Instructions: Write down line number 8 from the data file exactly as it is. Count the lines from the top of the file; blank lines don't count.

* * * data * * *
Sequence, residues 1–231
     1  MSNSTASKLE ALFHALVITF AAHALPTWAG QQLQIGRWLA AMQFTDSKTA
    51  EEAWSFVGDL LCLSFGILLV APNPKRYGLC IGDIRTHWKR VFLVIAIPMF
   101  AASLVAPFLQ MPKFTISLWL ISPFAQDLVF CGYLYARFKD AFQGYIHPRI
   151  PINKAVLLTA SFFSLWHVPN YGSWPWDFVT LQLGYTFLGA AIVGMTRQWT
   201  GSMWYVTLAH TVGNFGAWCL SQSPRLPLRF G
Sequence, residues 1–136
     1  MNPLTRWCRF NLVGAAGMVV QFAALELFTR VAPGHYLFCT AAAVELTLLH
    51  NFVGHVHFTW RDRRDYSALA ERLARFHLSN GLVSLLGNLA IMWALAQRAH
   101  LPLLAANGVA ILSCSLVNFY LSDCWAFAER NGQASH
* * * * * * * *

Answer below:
     1  MNPLTRWCRF NLVGAAGMVV QFAALELFTR VAPGHYLFCT AAAVELTLLH